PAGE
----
Benchmark Genome Study Demonstrates Accuracy of Artificial Intelligence in Rapidly Diagnosing Rare Diseases in Critically Ill Patients

Finally, clinicians do not have to sacrifice accuracy for speed when faced with a possible rare disease diagnosis in a critical setting like the NICU where time is of the essence

 Pivotal study led by Fabric Genomics and Rady Children’s Institute for Genomic Medicine demonstrates that artificial intelligence can enable the accurate and rapid clinical diagnosis of rare diseases in critically ill newborns based on whole-genome or whole-exome analyses

Fabric Genomics and Rady Children’s Institute for Genomic Medicine® today announced the publication of a retrospective study in Genome Medicine showing that across six leading genomic centers and hospitals, researchers were able to detect more than 90% of disease-causing variants in infants with rare diseases using the Fabric GEM AI algorithm and whole-genome and whole-exome data from previously diagnosed newborns and rare disease patients at Rady Children’s Hospital – San Diego and other clinical sites.

Despite differences in case collection, sequencing methods, and bioinformatics pipelines across all sites, Fabric GEM’s performance demonstrated a new standard of accuracy, ranking the causative variant first or second more than 90% of the time. In addition, Fabric GEM ranked specific diseases and conditions associated with these genes to assist clinicians in the ultimate diagnosis of each case. These findings demonstrate how artificial intelligence (AI) can successfully reduce the burden of gene variant review by clinical geneticists.

“Fast and definitive genetic diagnosis is essential to providing the right treatment in a timely manner for critically ill newborns,” said Stephen Kingsmore, MD, DSc, a co-author of the study and the President and CEO of Rady Children’s Institute for Genomic Medicine. “Fabric GEM has successfully demonstrated that it can automatically and quickly suggest a very short list of candidate genes for interpretation through whole-genome or whole-exome sequencing.”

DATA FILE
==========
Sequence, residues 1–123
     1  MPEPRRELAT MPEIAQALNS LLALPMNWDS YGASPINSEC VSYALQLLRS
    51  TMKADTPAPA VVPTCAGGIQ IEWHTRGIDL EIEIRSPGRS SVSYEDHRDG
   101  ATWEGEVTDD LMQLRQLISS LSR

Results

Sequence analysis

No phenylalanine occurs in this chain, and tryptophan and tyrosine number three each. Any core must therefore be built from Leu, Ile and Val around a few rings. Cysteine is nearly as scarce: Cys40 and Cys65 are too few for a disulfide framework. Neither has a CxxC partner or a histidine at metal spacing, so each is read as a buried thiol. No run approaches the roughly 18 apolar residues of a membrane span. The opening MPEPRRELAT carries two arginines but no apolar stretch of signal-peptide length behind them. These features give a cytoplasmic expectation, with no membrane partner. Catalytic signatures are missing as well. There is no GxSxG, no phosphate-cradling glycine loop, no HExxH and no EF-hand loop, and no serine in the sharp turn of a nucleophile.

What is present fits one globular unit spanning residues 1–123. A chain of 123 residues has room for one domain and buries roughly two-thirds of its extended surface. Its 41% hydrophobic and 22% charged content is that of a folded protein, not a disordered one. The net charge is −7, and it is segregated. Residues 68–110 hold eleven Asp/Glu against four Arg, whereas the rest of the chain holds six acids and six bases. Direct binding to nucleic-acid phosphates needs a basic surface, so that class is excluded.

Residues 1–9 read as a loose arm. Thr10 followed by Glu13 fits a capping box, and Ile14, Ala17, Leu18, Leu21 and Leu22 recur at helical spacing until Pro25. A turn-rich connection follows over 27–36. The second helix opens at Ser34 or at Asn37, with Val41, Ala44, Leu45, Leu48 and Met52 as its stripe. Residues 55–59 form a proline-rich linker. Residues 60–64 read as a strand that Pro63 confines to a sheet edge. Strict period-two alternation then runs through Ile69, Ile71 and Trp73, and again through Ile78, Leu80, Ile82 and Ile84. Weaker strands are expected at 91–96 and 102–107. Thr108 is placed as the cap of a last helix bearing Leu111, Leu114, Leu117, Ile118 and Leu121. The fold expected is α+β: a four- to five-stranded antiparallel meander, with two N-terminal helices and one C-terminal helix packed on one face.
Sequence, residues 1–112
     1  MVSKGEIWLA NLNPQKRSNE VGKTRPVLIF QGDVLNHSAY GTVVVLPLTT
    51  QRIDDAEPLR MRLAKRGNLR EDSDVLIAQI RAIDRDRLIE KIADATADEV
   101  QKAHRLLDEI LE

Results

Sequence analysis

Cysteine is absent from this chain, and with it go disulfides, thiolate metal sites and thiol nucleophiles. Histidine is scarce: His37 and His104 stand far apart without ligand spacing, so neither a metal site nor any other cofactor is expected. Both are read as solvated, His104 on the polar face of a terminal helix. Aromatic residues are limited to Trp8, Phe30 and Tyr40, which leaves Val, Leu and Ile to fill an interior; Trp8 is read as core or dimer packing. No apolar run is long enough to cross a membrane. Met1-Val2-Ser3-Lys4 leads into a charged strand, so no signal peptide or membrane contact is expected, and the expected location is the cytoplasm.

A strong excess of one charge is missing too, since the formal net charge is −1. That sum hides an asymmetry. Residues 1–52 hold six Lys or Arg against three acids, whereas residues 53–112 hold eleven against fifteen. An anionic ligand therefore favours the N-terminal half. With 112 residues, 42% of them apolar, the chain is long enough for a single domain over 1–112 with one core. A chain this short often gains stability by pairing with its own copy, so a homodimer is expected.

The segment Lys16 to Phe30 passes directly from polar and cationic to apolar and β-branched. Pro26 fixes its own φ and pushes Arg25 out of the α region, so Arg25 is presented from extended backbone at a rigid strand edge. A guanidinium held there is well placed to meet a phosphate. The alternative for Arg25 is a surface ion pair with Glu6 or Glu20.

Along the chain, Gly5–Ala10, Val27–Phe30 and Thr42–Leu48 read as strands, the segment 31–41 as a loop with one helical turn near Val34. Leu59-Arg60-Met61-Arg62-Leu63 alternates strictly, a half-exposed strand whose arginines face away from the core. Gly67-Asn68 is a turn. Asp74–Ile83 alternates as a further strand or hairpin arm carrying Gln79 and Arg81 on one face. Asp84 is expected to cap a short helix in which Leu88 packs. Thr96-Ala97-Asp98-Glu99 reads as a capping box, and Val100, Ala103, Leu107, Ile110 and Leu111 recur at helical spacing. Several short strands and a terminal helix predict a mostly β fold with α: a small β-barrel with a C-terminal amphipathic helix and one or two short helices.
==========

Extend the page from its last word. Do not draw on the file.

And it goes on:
Additional centers that participated in the study include the University of Utah, Boston Children’s Hospital, Christian-Albrechts University of Kiel & University Hospital Schleswig-Holstein, HudsonAlpha Institute of Biotechnology, Tartu University Hospital, and the Translational Genomics Research Institute (TGen).

“This study is an exciting milestone demonstrating how AI-powered decision support technologies can empower clinicians. It has the potential to significantly improve patient care with rapid insights distilled from clinical notes, medical databases, and genome sequences. Human review of these critical, but ever-expanding data is becoming infeasible due to their size and complexity. Hence GEM,” said Mark Yandell, PhD, Professor of Human Genetics and Edna Benning Presidential Endowed Chair at the University of Utah, a founding scientific advisor to Fabric and a co-author on the paper.

This study also demonstrated the use of Clinithink’s CLiX focus, a natural language processing (NLP) technology applied to medical notes recorded in electronic medical records. When compared to manual abstraction, this automated approach, which couples Clinithink’s NLP technology with the Human Phenotype Ontology and Fabric GEM, can rival the results achieved through time-intensive, expert-driven curation.

“Finally, clinicians do not have to sacrifice accuracy for speed when faced with a possible rare disease diagnosis in a critical setting like the NICU where time is of the essence,” said Martin Reese, PhD, CEO of Fabric Genomics and a co-author on the paper. “This study provides the rigorous benchmark validation required for its use in the clinic, showcasing how any hospital can bring informed genomics to their patients.”

The complete study, titled “Artificial intelligence enables comprehensive genome interpretation and nomination of candidate diagnoses for rare genetic diseases,” can be accessed on the Genome Medicine website.

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